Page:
Recently, Tenable Network Security, with research conducted by CyberEdge Group, announced some surprising results from their annual 2017 Tenable Network Security Global Cybersecurity Assurance Report Card. Tenable surveyed 700 security practitioners from nine countries and seven industry verticals to assess the overall confidence levels of information security professionals in detecting and mitigating organizational cyber risk. The biggest takeaway from the report is the overall confidence levels score of 70% (a C- grade), a drop of six points from the year before, reflecting the frustration IT security professionals are facing from the challenges of assessing and mitigating cyber risks across a constantly evolving threat landscape.
Going from impact to solution
Despite the feeling that no amount of defense may ever fully stem the rising tide, moving back into a realm of cybersecurity confidence is possible for most organizations. The key is to bridge the gap between common cybersecurity maturity models and organizational development concepts like Stage Theory.
Stemming from the health and education industry sectors, Stage Theory is the idea that organizations pass through a series of stages as they change. The integration and growth of cybersecurity within organizations must become part of that evolution. According to Stage Theory, adoption of an innovation follows four steps, and strategies for promoting changes can be matched to points in that process.
The four steps within Stage Theory are:
- Develop an awareness of a problem and plan possible solution innovations.
- Make a decision to adopt an innovation.
- Implement the innovation, which includes redefining it, and modifying organizational structures to accommodate it.
- Finally, fully institutionalize the innovation, making it part of the organization's ongoing activities.
Cybersecurity Capability Maturity Model
Cybersecurity maturity models, on the other hand, are a little more tactical and granular than organizational theories. The Cybersecurity Capability Maturity Model (CCMM) provides an introduction to the key activities organizations must implement within their IT security program from the perspective of three main areas: process and analytics, integrated governance, and enabling technology. It also includes three levels of maturity for each activity: limited, progressing or optimizing.
Although the CCMM provides valuable information, the actual execution of this model takes excessive and ubiquitous, top-down, executive sponsorship and support as well as an organization willing to commit to the leg work of combining the organizational theory with maturity modeling.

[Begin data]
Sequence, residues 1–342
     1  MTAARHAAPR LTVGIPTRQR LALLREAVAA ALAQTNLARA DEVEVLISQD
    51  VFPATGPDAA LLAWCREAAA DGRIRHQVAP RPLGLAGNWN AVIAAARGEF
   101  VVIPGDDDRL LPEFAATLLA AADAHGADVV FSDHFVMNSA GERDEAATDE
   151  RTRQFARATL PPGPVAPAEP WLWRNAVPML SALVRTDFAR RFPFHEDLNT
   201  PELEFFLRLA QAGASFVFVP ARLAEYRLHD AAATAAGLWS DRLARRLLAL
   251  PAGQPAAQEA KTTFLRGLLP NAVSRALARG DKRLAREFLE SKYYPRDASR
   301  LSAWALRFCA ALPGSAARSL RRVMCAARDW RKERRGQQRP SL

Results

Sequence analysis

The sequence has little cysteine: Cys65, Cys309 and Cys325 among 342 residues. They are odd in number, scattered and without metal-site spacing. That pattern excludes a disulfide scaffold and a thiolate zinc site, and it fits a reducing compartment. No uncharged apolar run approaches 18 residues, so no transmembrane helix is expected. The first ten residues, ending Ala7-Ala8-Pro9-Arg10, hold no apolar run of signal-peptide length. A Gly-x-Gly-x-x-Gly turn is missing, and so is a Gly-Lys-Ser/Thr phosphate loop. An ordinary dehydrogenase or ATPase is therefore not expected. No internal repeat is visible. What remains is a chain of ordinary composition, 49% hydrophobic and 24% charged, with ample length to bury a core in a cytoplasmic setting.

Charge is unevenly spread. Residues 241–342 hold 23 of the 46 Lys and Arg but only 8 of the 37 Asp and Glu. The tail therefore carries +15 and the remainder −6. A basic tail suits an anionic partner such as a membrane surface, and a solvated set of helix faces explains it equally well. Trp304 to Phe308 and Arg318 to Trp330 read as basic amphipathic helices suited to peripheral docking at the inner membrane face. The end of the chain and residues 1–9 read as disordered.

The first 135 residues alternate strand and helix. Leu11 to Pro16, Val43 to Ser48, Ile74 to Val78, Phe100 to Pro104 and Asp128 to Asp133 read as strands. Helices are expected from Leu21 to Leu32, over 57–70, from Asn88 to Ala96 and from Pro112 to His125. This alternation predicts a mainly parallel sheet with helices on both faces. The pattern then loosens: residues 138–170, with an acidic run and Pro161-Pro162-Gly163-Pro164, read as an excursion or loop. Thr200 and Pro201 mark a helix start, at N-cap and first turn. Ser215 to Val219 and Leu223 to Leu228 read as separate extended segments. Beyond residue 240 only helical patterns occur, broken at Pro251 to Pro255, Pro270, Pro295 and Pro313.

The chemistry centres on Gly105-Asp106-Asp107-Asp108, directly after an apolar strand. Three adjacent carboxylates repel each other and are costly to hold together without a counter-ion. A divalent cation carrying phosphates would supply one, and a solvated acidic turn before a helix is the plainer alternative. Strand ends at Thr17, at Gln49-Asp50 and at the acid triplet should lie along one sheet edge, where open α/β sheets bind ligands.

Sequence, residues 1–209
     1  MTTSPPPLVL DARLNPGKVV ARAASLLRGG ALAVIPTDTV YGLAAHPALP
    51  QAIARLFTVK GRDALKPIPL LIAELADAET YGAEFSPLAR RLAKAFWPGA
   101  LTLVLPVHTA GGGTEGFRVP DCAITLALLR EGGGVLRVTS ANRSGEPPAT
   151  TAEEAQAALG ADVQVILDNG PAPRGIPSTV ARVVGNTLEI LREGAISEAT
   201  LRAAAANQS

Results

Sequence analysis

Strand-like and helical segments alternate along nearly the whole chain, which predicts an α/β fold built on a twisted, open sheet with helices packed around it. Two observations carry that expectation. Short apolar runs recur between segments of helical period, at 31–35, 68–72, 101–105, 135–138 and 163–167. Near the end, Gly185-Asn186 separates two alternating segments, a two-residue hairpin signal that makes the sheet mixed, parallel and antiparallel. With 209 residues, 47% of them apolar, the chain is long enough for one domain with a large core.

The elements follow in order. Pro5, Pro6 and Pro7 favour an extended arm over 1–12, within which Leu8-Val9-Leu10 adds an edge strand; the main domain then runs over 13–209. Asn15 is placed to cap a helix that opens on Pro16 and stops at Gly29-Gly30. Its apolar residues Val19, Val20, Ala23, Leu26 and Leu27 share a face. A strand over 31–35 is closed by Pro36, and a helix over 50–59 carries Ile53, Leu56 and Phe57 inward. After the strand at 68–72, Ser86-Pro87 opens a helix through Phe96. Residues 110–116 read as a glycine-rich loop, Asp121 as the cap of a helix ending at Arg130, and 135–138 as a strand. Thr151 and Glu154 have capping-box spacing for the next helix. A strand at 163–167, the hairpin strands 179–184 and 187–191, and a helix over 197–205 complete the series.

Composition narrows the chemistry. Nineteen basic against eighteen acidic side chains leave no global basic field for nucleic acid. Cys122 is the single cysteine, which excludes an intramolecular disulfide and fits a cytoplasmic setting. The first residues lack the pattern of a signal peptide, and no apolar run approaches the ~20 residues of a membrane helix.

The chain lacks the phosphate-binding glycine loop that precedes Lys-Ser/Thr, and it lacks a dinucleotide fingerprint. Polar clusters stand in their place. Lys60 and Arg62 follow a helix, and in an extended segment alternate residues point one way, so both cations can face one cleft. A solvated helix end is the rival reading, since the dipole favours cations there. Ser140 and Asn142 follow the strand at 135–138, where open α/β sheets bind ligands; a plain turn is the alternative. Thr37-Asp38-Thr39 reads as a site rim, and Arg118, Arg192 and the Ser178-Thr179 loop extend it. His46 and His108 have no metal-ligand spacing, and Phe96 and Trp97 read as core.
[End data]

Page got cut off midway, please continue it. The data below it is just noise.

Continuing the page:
Committing to this approach translates to pairing different leaders or "change agents" within the organization who assume leading roles during different stages with the establishment and execution of cybersecurity processes, procedures and technologies. It also requires that leaders understand that the strategies their organization uses depends on their stage of change, and whether the nature of the social environment surrounding cybersecurity is supportive or obstructive.
Bridging the gap between security teams and business leaders
The result of properly committing to this approach can change an organization from a philosophy of cybersecurity being something companies begrudgingly do, to cybersecurity becoming part of the culture. This marriage of practices can also move IT security groups out of a relaxed, ad-hoc or subservient role and into a centralized and universal function, much like marketing, human resources, operations or finance is today. This approach can also be valuable in positioning CISOs with the opportunity to report directly to the CEO, as opposed to a CISO reporting to one of the CTOs, who in turn reports to a CIO under the COO.
Cybersecurity must become part of the culture
Finally, with this shift in understanding, organizations can move from elementary, disparate or poorly implemented technologies to an enterprise IT security technology architecture capable of producing actionable intelligence, real-time analysis, predictive modeling and stronger cybersecurity confidence. Any organization that does this will find their confidence rising well above C level in the next Tenable Network Security Global Cybersecurity Assurance Report Card, and have the skills to back up their newfound confidence.